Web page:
The coffee grinder is with me behind closed doors of the bathroom at 3am. It whirs in a muffled grind beneath the padding of a thick bath towel. I guess this is what you call considerate insomnia, as my occasional real-early rises occur, now, within the presence of another. On this particular morning, the Bohemian rests soundly and Jeb is crashed out on the couch, nearby.
I should be sleeping and replenishing my reserves. It’s been a week of caring for Jeb in a second wave of sickness – this time the flu, with a full night of off-and-on vomiting. While monitoring his temperature and forcing fluids, I’ve juggled work schedules, washed sheets and made dinner. No, I did not make it to posting to the Archives yesterday. But I did capture a centipede that slithered next to Jeb’s bed, leaving the Bohemian to simply stare, empty dustpan in his hands, as I quickly disposed of it (with blessings). (Centipedes outside, I come in peace. Centipedes inside, by the bed of my sick son, not welcome).
Tiring as this may be, I’m not alone in my labors of love. And this is something new. The Bohemian is a constant, continually keeping the kitchen sink empty. Loads of clean laundry I dump from the basket magically transform to neat piles (my underwear has never been folded so neatly before). When he’s not taking out the compost or sweeping the kitchen floor, the Bohemian’s in our back yard pruning. I look up from my work through the window, to see him staring in at me from the top of the kukui nut tree, wielding a hand saw and fat grin. He’s opening the view.
Yes, I am surrounded by new sights, fresh viewpoints, expanded perspectives.
I’m recalling the day I gifted him a toothbrush to keep at my house. This evolved to the offer of half a drawer for two sarongs and t-shirt. Now, he’s got four drawers and we hang 13 of his shirts in the closet. The sight is surprisingly strange, but I like it – yes, those are men’s clothes hanging next to mine.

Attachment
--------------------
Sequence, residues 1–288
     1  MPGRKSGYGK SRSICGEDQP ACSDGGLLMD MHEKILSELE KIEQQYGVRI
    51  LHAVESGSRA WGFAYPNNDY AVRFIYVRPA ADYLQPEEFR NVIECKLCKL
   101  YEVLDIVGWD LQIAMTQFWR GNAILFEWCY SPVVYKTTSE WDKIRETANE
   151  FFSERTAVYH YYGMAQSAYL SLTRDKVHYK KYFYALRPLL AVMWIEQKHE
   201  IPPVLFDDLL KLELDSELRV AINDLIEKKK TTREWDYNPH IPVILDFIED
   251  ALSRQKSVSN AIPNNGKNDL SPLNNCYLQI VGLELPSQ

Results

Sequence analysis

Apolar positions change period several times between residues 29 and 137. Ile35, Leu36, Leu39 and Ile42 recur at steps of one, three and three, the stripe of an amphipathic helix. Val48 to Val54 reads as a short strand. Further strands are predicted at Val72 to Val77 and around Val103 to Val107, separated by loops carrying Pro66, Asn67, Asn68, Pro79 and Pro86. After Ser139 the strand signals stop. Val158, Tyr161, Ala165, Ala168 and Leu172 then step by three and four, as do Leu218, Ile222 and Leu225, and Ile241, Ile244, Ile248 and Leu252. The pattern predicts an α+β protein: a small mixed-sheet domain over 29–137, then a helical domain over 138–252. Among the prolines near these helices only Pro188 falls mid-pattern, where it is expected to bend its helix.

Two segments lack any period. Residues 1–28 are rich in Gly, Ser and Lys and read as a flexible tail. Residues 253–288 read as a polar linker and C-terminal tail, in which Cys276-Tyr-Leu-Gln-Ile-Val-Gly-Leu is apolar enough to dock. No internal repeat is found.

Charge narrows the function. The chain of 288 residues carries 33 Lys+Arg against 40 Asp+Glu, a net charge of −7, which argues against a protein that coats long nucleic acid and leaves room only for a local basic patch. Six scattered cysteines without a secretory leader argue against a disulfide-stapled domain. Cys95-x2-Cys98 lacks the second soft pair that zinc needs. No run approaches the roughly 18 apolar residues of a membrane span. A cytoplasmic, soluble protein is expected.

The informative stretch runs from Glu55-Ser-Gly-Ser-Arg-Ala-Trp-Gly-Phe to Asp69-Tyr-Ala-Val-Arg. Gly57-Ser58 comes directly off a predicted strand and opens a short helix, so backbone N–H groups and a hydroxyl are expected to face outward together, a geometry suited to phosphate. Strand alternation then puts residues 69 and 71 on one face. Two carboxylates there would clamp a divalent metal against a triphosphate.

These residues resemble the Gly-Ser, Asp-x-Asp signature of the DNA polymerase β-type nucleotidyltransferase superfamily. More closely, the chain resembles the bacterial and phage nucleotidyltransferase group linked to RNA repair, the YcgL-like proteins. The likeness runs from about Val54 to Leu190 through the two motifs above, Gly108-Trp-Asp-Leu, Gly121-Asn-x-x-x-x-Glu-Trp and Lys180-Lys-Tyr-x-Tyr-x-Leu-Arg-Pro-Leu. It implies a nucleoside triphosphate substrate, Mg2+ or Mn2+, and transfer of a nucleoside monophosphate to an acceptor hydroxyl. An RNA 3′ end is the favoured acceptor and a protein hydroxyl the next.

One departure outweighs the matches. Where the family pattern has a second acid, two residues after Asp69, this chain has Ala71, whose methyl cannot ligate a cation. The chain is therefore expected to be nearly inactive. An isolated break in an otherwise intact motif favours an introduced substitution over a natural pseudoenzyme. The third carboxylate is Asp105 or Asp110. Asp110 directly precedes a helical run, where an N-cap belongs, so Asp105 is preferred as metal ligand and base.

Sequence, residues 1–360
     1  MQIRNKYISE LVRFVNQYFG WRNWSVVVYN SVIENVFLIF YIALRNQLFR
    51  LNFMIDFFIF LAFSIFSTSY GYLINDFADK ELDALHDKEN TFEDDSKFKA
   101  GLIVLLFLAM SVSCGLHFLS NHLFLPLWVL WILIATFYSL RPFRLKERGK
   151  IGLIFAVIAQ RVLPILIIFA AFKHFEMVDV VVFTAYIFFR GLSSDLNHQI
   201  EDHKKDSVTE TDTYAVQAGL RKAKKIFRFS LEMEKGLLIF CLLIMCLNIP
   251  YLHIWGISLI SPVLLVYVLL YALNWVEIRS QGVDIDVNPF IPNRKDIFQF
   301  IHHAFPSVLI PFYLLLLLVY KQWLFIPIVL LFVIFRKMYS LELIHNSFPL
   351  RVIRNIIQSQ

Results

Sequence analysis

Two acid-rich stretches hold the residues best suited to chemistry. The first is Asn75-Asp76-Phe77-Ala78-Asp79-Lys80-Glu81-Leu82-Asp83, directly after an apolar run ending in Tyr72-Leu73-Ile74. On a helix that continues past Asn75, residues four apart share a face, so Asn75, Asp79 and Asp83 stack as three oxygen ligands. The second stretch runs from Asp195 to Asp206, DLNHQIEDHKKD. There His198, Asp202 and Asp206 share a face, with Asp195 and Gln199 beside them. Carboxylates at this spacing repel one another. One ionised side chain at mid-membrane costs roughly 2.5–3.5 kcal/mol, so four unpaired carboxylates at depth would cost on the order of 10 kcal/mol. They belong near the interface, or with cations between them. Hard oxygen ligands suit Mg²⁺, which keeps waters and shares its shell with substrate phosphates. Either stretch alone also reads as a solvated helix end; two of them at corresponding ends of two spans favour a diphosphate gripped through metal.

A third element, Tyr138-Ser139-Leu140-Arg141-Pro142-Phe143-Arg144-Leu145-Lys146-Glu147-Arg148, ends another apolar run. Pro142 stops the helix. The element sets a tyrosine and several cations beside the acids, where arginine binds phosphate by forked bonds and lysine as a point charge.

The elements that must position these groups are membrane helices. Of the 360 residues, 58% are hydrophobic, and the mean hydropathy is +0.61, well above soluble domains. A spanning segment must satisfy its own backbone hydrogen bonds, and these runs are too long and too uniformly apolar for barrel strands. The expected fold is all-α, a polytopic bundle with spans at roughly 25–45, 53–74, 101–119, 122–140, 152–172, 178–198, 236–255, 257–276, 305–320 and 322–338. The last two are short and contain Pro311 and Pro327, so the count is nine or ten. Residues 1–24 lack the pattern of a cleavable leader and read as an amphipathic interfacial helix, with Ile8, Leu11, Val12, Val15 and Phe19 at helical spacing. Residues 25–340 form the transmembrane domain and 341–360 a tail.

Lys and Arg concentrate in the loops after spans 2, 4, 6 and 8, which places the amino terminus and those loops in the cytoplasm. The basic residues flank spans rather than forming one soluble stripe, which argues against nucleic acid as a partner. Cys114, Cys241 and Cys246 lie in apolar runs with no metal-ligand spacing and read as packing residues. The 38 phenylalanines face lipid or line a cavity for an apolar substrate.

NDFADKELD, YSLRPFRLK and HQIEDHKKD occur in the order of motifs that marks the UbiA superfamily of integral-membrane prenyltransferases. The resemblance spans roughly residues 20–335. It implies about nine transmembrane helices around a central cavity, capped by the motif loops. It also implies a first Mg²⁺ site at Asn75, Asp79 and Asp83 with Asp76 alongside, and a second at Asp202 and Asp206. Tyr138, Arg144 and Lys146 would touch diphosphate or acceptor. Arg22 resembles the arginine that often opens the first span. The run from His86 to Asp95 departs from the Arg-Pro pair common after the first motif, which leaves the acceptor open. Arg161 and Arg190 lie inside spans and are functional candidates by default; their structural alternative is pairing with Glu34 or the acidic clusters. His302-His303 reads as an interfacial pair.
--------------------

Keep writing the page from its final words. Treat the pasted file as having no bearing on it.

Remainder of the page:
After a full and long day, we sigh and find ourselves face to face in the kitchen. He’s been digging holes and making electrical repairs. I’ve been up since 1am with vomit and centipedes. We’re smiling but I’m wondering if this free-spirited soul I met on the beach may be having second thoughts about all this domesticity.
Before I can consider it further, Jeb enters with Diary of a Wimpy Kid: The Last Straw, requesting the Bohemian read aloud. The man is surely tired. One would understand that he may not be in the mood to delve into reading a children’s story right now. Especially, since English is a second language – one that he’s learned completely by sound, not sight. But ever-amazing, he agrees to read the passage Jeb indicates – the one where Greg wants to make a good impression on the girl he likes at the school dance, but his friend intercedes and ruins the moment.
The Bohemian reads each word carefully. He’s patient as he trips through a few phrases. With the tables turned, Jeb can occasionally tell him how to sound it out. He reads not one, but at least ten pages, laughs and says, “This is a good book.”
Dinner is bubbling in the oven. Jeb is on the rug, listening with a smile. The Bohemian is standing in the kitchen slowly reading with sweet intent. Greg’s mom is trying to herd the Heffley family to an Easter Sunday service. I’m finally sitting down for the first time all day.
I don’t’ know where this tale is going (ours, that is, – and, of course, how could I?) Certainly, at times I’m afraid of sudden turns in the plot. But for now, in this simple moment in the kitchen with Jeb, the Bohemian and the voice of Greg Heffley ala a thick Czech accent, I’d say that I’m liking this story.